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When we think of Bordeaux the first thing that likely comes to mind is one of the Premier Crus or Grands Cru Classes. Indeed, Bordeaux produces more the world’s most expensive wines than anywhere else, but it is also important to consider that even this seemingly large quantity amounts to less than 5% of the total production of Bordeaux. The region is huge, producing over 700 million bottles per year. There are more than 50 separate appellations within Bordeaux. Compare this to another region famous for fine wine – Champagne – which has only one.
Bordeaux – both the region and the wine – is defined by its proximity to water. The massive Gironde river flows through the center of it, and is fed by two other major rivers, the Garonne in the south, and the Dordogne in the north. Each of these three is fed by countless smaller streams and tributaries. All of this water eventually ends at the Gironde estuary on the coast of the Atlantic Ocean. The large estuary and wide river enable the moderating climatic influence of the Atlantic to reach further inland than it otherwise would, keeping the weather more mild year round. There is generally no fear of winter freeze in Bordeaux, for example. But, the warmer weather, combined with all of that water means that mildew and rot can be a problem. Because of this, there are very few Chateaux that practice organic viticulture. Overall, the climate is mild, with a near perfect growing season of 100 days between bud break and harvest.
The rivers are also important for the Bordelais version of terroir. The Gironde divides the Left Bank from the Right Bank, and the area in between the Garonne and Dordogne has its own appellation, the Entre Deux Mers (meaning appropriately, “between two seas”). And on the Left Bank, the best vineyards are near the Gironde. They have a higher concentration of gravel and are more well draining than vineyards further away from the river. This is in contrast to many other wine appellations around the world where the soil near the rivers is more fertile and therefore less desirable for vines. For the most part, Bordeaux also lacks another geographical feature that often points to quality in wine regions – hills. Bordeaux is mostly flat, and most vineyards are planted at elevations very close to sea level. For this reason the amount of gravel in the soil is even more important.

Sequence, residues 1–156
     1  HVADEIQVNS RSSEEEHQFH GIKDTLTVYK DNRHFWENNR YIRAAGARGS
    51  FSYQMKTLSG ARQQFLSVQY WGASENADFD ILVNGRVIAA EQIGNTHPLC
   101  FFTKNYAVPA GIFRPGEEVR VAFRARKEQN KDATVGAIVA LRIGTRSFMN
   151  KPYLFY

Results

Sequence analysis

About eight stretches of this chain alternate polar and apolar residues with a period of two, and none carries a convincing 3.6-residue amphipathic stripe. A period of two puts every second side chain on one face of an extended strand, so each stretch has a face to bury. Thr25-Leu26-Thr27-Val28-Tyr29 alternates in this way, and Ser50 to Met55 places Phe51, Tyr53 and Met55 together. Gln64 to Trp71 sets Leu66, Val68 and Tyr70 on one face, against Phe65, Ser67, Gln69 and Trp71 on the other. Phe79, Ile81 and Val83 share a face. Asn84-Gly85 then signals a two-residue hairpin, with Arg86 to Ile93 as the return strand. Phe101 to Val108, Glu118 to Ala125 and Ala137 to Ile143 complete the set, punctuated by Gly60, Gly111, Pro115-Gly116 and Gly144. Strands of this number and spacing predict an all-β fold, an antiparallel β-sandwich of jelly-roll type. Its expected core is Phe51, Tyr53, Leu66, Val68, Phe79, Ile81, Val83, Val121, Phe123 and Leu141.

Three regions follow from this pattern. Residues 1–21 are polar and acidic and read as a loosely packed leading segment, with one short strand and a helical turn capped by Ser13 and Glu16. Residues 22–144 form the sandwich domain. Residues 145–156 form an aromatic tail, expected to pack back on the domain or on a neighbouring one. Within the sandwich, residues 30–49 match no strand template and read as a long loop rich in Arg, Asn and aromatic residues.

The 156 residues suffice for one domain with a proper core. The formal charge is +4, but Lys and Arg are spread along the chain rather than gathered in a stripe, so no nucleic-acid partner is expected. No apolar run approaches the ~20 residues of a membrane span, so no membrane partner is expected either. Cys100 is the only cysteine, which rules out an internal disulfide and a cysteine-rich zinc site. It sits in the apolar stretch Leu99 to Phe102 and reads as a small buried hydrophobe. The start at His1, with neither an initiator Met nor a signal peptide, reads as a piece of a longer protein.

Bordeaux is an incredibly complex and diverse region, and many attempts, called “Classifications” have been made in order to rank the Chateaux in order of quality. The first, in 1855, was for the Left Bank only and is the most famous and is the reason that the names Lafite, Latour, Margaux and Haut-Brion are known around the world today. The rankings were based on the cost of each at the time. So, the most expensive were at the top of the list. These wines were no doubt very high quality at the time but it would be almost 100 years before we reach the modern era of wine in Bordeaux.
After devastation by phylloxera in the 1870s, followed by downy mildew, two World Wars, sandwiched around nearly 14 years of Prohibition in the United States, the region was in a state of disarray and it was not until the 1950s that the Left Bank growths resembled the wines that we have grown accustomed to from this region. New and modern winemaking techniques improved the quality of the wine and America became the region’s largest market. In 1970 the first en primeur sales were made, beginning with America and followed by the British just a few years later. (En primeur refers to the practice of purchasing wine as a future – before it is officially released.) And it was not until 1972 that Chateaux had to bottle their own wine, something taken for granted today. In the past, merchants (ie. middlemen) would do it, or the wine would ship in bulk, and be bottled at its destination.
It was also in the 1950s that the Right Bank established its reputation internationally and decided that they needed a Classification too. So, in 1955 St. Emilion created their own. Graves, feeling like they needed in on this too, had already drawn one up for themselves in 1953.
To this day much of the mystique and reputation of Bordeaux is based on its history and the ranking on the label. Cost, with a few notable exceptions, continues to follow this model as well. But regardless of the ranking, it is true that most Bordeaux estates are large, and it is difficult to find small producers here. They do exist though, and it is worthwhile to find them for their value and expression of a small part of the terroir of this vast region.